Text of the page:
Source: The New York Times, November 23, 2013
Posted on: http://envfpn.advisen.com
In energy-friendly Wyoming, oil and gas companies are getting a clear message: Drill, baby, drill — but carefully.
Last week, state regulators approved one of the nation’s strongest requirements for testing water wells near drilling sites. The measure is intended to address concerns that groundwater can become contaminated from drilling activities.
It is the latest of several groundbreaking regulations related to energy production issued by Wyoming, which in 2010 became the first state to require disclosure of some of the chemicals used in the drilling process known as hydraulic fracturing, or fracking.
”I am not going to accept the question of do you want a clean environment or do you want energy,” said Gov. Matthew H. Mead, a Republican who championed the water-testing regulation. ”The fact is that in Wyoming, we want and need both.”
Wyoming ranks about fourth among states in natural gas production and eighth in oil production, which has grown rapidly in recent years.
The new water rule, which takes effect in March, will require oil and gas companies to test wells or springs within a half-mile of their drilling site, both before and after drilling. The tests will measure a range of factors, including temperature, bacteria, dissolved gases like methane and propane, and roughly 20 chemical compounds and elements including barium, benzene, strontium and nitrates.
The rule comes after another measure that took effect this month requiring drilling companies to monitor for certain air pollutants at new oil and gas production sites, and fix any leaks. The requirement applies only to an area in western Wyoming that struggles to keep ozone in check.…
Source: http://www.wyomingnews.com, July 21, 2013
By: Trevor Brown
Proposed new regulations move forward after an informal rule-making process.
A plan to require energy companies to test groundwater quality before and after drilling in Wyoming is closer to becoming a reality.
But environmentalists, landowner groups and industry members say how the state implements the policy could shape its effectiveness.
The Wyoming Oil and Gas Conservation Commission voted this week to move into a formal rule-making process to consider mandating baseline water testing.
The proposal calls for companies to sample and test water sources within a half mile before they drill.
Two rounds of water testing then would be required after the drilling.
The water will be checked for pH levels, odor, color, sediment and a list of dangerous chemicals that often are used during hydraulic fracturing.
Gov. Matt Mead announced his plan to require baseline testing when he released his energy policy in May.
The idea was praised by several environmental and landowner groups that longed have lobbied for the policy. But these groups also offered changes to the initial proposed rules released by the state.
The Cheyenne Area Landowners Coalition was among the groups that offered public comment during an informal rule-making process that just ended.…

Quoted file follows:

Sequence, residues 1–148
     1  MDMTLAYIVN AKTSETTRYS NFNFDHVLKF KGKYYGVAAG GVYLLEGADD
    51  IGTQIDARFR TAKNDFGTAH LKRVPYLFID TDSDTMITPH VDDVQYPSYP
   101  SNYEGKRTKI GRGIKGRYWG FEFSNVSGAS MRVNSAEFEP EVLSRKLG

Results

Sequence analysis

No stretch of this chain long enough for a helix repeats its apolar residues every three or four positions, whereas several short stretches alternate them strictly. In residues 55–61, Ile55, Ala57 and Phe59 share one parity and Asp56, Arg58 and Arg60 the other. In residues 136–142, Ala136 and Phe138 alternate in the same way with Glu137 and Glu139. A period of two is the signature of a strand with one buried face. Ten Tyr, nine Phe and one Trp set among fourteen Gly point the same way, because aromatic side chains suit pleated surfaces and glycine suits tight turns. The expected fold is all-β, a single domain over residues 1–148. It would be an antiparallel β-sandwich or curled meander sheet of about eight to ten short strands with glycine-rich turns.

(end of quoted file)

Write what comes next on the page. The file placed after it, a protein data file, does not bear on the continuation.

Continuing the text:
Source: http://www.lexology.com, June 25, 2013
By: Wayne J. D’Angelo and Andrew M. McNamee, Kelley Drye & Warren LLP
The Environmental Protection Agency has abandoned its investigation into alleged groundwater contamination from hydraulic fracturing operations near Pavillion, Wyoming. The investigation will be continued by the state, funded by a $1.5 million grant from Encana Oil & Gas, Inc., the company that had been accused of contaminating the water. The agency will provide support to the state in its efforts to continue the investigation, but it will not finalize its study, seek peer review of its draft study, or rely on the conclusions of its draft report. The December 2011 report tentatively concluded that pollutants in the aquifer used for Pavillion’s drinking water likely came from hydraulic fracturing operations intended to draw gas from deeper geologic formations.
The Agency has been universally criticized for conducting an exceptionally flawed investigation and for publically releasing a draft report that was based on the flawed investigation, was not peer-reviewed, and which appeared to many to be drafted to fit a favored conclusion about the source of the contamination at Pavillion. As such, in many ways, the decision to abandon the probe was welcomed by many. Sens. Vitter (R-LA) and Inhofe (R-OK) commended the abandonment of the investigation, asserting that it lacked scientific credibility, and was driven by a political agenda to regulate hydraulic fracturing. Rep. Stewart (R-UT) issued a statement that he was glad the EPA “conceded that state-level expertise and capabilities are most appropriate for overseeing safe and responsible energy production.” Indeed, states are the primary regulators of oil and gas activity, including hydraulic fracturing. EPA’s missteps in the Pavillion investigation seem to suggest that, in addition to being the proper regulators of hydraulic fracturing activities, state entities may be best suited for investigation and enforcement of contamination allegedly caused by hydraulic fracturing.